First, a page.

This 3-year project, funded by the UKRI-DEFRA One Health Approaches to Vector-borne Diseases programme, is a multi-institutional collaboration between investigators at the University of Glasgow (UoG), UK Health Security Agency (UKHSA) and the UK Centre for Ecology and Hydrology (UKCEH), with the aim of understanding the risk of mosquito-borne disease establishment in Scotland under current and future environmental scenarios. It involves a multidisciplinary programme of work spanning mosquito ecology, surveillance of vector-borne pathogens in avian reservoirs and mosquitoes, vector competence studies, ecological and epidemiological modelling. We are partnering with Public Health Scotland and the Scottish Government with the aim of filling evidence gaps to enable national risk assessment and policy development. We are collaborating with stakeholders from environmental agencies in Scotland including Nature Scot, the Royal Society for the Protection of Birds, Forestry and Land Scotland, the Wetland and Wildfowl Trust, the Scottish Wildlife Trust and local councils.
Developing mosquito genetic tools to study mosquito-arbovirus interactions
We establish transgenic mosquitoes using site-specific transformation techniques and develop genetic tools such as the Gal4/UAS system to address gene function at the tissue level.
Image: Microinjection of mosquito eggs (left) and GFP transgenic larvae (right).
Identifying and characterizing mosquito genes involved in vector competence
In collaboration with other CVR research groups, we are identifing mosquito genes involved in arbovirus infection in vitro and further characterising them in vivo.
Image: Four identical confocal images symmetrically organized showing the female mosquito midgut, an epithelium (cell nuclei in blue) surrounded by visceral muscles (green). The protein p400 (stained in red) is expressed in tracheae, the respiratory system of insects. Credit: Former PhD student Floriane Almire (Awarded by 3I’S IMAGING COMPETITION).
Determining the roles of arboviral proteins during mosquito infection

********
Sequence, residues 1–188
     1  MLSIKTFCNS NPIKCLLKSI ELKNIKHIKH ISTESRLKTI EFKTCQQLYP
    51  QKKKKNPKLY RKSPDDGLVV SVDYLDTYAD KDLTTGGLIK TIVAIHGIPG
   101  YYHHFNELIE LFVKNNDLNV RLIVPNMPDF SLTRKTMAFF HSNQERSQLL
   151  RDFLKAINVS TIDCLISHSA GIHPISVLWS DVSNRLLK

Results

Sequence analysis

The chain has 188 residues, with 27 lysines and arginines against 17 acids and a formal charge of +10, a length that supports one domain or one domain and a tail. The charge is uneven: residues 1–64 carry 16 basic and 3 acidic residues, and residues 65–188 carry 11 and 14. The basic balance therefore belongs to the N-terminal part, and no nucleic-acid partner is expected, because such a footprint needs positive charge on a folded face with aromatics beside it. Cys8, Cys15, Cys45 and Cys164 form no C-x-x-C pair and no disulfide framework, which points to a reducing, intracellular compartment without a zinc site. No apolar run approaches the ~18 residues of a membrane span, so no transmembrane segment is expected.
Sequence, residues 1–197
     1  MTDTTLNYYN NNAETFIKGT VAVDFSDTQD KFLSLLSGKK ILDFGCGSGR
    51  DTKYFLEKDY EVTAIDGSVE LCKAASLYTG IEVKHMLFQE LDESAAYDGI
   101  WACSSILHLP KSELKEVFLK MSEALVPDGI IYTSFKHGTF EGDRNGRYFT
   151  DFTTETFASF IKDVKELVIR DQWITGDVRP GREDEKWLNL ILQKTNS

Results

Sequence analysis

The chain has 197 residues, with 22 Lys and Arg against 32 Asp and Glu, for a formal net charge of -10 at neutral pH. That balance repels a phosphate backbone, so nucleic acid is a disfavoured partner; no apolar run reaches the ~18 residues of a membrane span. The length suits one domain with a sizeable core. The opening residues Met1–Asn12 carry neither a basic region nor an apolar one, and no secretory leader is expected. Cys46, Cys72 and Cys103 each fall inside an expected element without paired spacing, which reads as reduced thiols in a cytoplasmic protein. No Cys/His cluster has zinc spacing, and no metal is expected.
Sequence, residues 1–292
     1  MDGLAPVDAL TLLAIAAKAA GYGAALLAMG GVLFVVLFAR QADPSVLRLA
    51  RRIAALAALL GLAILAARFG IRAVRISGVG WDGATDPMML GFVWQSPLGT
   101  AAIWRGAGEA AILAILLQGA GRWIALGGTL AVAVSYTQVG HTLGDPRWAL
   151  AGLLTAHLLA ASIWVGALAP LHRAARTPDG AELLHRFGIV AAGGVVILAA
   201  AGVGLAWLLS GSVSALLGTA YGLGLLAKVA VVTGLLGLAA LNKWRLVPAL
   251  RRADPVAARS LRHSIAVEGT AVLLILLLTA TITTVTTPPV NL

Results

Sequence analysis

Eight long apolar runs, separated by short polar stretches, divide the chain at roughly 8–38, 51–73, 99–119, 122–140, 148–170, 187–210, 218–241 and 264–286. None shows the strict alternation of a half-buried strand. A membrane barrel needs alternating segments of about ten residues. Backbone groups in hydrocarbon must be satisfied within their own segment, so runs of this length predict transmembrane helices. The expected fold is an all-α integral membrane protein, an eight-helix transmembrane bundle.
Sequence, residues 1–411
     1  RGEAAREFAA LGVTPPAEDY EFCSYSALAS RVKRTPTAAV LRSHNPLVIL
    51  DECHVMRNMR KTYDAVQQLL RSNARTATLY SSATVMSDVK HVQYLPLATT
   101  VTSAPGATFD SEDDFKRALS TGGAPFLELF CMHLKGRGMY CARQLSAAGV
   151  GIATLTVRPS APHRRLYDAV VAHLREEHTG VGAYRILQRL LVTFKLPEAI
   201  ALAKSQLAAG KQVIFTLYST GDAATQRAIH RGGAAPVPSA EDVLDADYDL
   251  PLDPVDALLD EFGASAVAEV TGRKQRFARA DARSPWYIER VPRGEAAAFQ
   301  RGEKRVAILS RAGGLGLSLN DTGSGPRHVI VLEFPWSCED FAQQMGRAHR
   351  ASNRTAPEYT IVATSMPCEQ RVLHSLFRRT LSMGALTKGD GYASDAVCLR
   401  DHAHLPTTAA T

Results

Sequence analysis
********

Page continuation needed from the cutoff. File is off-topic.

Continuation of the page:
In collaboration with other CVR members, we are investigating the role of bunyamwera NS proteins during mosquito infection.
Image: Mosquito gut infected with BUNV (green).
Examining how mosquito saliva-derived factors influence arbovirus infection in mammals
In collaboration with Dr McKimmie (University of Leeds), we characterise how mosquito biting and saliva enhances infection with a broad range of mosquito-borne viruses.
Interested in joining the laboratory for projects, PhD studies? Email firstname.lastname@example.org
- Prof Heather Ferguson, University of Glasgow, United Kingdom
- Prof Alain Kohl, LSTM, United Kingdom
- Dr Clive McKimmie, University of Leeds, United Kingdom
- Dr Nicolas Buchon, Cornell University, US
- Dr Julie Reveillaud, INRA, France
- Dr Mathilde Gendrin, Institut Pasteur, French Guiana
- Dr Anna-Bella Failloux, Institut Pasteur, France
- Dr Eric Marois, University of Strasbourg, France
Grants and Awards
Grants and Awards listed are those received whilst working with the University of Glasgow
Impact of immunity and infection on mosquito fitness
MRC Quinquennial Core Funds to CVR
Assessing the risk of insect vector-borne diseases in Scotland and their response to environmental change.
UK Research and Innovation
2023 - 2026
MOSAICS - A mosquito arbovirus omics atlas to unravel mosquito-arbovirus interactions
Biotechnology and Biological Sciences Research Council
2022 - 2023
2017 - 2021
2016 – 2019
Arbovirus interactions with arthropod hosts
MRC Quinquennial Core Funds to CVR